This teaching is expounded in his two ‘Apologies’ and in the ‘Dialogue with Trypho’. The later chapters of the ‘First Apology’ give a brief account of the ceremonies of Baptism and the Eucharist. The ‘Dialogue’ argues that the fulfilment of the prophecies in Christ proves the transitoriness of the Old Covenant and the vocation of the Gentiles to take the place of Israel, and uses Middle Platonic ideas to interpret Old Testament theophanies as manifestations of the Logos. Justin also taught a form of Millenarianism.

A large number of other works have circulated from early times under Justin’s name, all of them spurious. One group belongs to the late 2nd and 3rd cents. and consists of an ‘Address to the Greeks’, an ‘Exhortation to the Greeks,’ and a work ‘On the Monarchy of God’. Another group is probably all the work of a single author of the Aristotelian school (4th–5th cent.). Yet another pseudo-Justinian work—the ‘Expositio Rectae Fidei’—is by Theodoret.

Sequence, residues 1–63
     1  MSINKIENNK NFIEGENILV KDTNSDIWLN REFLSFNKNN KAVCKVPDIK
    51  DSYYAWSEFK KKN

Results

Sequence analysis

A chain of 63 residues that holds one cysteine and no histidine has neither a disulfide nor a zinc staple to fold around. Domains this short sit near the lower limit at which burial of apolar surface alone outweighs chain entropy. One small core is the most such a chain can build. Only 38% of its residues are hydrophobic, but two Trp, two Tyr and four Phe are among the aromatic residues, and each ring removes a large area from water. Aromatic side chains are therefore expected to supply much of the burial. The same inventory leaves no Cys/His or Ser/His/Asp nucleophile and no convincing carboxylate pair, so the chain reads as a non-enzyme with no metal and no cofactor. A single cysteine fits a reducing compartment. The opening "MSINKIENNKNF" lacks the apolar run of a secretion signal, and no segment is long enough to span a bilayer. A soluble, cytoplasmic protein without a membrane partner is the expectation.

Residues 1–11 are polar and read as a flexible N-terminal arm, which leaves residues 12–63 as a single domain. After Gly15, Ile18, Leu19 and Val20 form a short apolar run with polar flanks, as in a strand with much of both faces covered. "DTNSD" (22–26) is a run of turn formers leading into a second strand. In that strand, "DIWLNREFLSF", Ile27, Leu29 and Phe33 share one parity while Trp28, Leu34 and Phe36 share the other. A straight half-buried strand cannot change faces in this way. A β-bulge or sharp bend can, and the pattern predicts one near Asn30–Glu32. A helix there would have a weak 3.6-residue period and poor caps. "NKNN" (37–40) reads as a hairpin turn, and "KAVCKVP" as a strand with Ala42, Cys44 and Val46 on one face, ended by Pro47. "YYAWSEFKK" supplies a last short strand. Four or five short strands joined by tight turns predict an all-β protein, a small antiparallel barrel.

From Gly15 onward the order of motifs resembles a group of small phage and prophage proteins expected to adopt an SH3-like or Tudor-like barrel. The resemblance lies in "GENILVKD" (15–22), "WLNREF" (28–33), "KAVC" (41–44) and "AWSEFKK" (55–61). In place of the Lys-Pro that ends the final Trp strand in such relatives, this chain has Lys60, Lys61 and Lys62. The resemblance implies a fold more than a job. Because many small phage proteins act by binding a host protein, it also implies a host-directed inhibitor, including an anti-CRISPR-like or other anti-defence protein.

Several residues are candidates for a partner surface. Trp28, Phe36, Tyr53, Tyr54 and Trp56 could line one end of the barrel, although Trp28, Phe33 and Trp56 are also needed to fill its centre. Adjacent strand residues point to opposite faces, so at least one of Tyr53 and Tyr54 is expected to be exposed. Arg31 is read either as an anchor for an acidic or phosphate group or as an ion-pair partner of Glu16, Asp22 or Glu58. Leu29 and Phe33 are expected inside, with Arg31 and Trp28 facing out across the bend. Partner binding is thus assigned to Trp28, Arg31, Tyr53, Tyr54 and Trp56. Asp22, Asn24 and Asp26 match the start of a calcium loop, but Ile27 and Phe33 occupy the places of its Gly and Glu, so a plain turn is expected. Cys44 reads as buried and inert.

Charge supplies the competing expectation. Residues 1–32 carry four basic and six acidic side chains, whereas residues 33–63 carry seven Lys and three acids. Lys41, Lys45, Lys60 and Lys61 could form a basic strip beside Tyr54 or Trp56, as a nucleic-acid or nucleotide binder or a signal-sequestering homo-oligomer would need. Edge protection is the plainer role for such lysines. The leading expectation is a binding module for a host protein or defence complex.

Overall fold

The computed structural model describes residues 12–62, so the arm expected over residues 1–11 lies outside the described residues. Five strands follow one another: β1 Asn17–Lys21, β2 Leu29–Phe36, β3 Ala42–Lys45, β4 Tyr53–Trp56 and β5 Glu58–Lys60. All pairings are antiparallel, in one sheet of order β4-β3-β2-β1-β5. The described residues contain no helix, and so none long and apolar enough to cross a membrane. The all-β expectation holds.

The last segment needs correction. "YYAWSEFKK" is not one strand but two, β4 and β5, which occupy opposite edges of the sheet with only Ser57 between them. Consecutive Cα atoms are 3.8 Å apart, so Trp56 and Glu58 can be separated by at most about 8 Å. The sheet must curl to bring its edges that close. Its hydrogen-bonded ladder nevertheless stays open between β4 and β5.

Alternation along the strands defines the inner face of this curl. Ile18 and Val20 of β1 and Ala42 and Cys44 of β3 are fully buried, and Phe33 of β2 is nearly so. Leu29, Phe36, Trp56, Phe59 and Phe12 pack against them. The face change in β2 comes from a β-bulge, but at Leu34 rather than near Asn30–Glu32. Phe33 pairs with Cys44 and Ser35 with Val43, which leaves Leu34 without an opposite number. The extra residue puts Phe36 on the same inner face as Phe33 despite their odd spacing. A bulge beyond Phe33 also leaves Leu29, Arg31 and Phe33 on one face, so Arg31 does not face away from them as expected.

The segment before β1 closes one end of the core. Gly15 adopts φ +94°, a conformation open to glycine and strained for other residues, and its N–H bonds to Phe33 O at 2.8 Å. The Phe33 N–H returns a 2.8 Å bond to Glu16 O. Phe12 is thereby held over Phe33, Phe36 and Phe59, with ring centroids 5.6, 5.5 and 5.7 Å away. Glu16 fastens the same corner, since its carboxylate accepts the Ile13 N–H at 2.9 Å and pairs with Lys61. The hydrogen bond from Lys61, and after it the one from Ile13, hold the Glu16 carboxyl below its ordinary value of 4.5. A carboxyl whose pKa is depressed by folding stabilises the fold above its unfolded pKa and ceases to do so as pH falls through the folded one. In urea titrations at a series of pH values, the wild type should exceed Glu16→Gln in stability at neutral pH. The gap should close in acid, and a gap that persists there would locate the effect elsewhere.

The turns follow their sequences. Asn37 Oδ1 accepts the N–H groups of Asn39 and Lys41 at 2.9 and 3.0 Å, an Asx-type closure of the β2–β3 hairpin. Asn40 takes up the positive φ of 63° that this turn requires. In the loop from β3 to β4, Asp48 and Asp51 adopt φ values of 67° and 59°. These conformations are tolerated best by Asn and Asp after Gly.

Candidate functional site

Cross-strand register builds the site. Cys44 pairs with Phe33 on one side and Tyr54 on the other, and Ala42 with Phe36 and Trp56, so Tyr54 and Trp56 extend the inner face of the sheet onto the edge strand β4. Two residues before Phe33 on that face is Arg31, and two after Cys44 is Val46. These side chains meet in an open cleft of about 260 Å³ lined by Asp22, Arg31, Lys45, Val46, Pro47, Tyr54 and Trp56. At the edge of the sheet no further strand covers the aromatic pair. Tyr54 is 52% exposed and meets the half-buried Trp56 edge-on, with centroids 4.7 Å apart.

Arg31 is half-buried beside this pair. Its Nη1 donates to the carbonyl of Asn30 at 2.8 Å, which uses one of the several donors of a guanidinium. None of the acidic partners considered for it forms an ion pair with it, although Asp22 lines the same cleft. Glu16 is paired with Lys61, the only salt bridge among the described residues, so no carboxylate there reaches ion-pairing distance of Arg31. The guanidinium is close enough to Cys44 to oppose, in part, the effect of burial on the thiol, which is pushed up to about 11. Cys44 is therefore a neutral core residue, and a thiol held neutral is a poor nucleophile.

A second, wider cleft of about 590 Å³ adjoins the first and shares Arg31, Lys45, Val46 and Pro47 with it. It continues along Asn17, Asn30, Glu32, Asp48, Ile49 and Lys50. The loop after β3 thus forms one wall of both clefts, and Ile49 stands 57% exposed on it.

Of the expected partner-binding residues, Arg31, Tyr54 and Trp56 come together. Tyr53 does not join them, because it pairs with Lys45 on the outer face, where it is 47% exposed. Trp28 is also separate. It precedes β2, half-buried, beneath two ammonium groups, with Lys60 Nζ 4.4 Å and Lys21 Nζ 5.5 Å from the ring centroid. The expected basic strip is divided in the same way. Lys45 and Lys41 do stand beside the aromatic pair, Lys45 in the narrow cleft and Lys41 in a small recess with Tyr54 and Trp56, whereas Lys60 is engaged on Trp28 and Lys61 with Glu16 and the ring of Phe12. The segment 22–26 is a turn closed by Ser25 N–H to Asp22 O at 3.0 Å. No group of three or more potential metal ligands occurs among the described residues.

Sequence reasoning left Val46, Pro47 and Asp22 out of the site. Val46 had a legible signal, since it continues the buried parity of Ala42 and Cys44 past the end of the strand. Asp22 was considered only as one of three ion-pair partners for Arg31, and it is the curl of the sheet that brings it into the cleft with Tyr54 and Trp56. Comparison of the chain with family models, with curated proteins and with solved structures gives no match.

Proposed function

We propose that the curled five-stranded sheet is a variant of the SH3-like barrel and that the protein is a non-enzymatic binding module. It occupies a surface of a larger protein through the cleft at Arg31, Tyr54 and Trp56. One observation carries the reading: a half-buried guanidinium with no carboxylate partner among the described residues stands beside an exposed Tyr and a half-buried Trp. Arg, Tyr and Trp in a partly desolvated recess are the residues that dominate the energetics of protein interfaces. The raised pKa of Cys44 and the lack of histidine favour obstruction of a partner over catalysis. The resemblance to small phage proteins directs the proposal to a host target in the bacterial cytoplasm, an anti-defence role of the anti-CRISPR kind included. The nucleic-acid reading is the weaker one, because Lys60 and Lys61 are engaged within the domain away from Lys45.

Of the earlier edns. of Justin, the best is that of P. Maran, OSB (Paris, 1742). The only complete modern critical edition is that of J. C. T. Otto (2 vols., Jena, 1842–3; 3rd edn. in 5 vols., 1876–81). J. P. Migne, PG 6 (1857). Apologies, edited by M. Marcovich (Patristische Texte und Studien, 38; 1994), and, with French text, by C. Munier (Paradosis, 39; 1995). ‘Dialogue with Trypho’, ed. M. Marcovich (Patristische Texte und Studien, 47; 1997) and, with French translation and., comm. by P. Bobichon (Paradosis, 47/1–2, Fribourg, 2003). Eng. tr. in ANCL (1867); also of ‘Dialogue with Trypho’, by A. L. Williams (Translations of Christian Literature, 1930), with useful introd. Comm. on ‘Dialogue with Trypho’, 1–9, by J. C. M. van Winden, An Early Christian Philosopher (Philosophia Patrum, 1; Leiden, 1971). Modern edn. of Pseudo-Justin’s ‘Address to Greeks’, ‘Exhortation to the Greeks’ and ‘On the Monarchy of God’ by M. Marcovich (Patristische Texte und Studien, 32; 1990).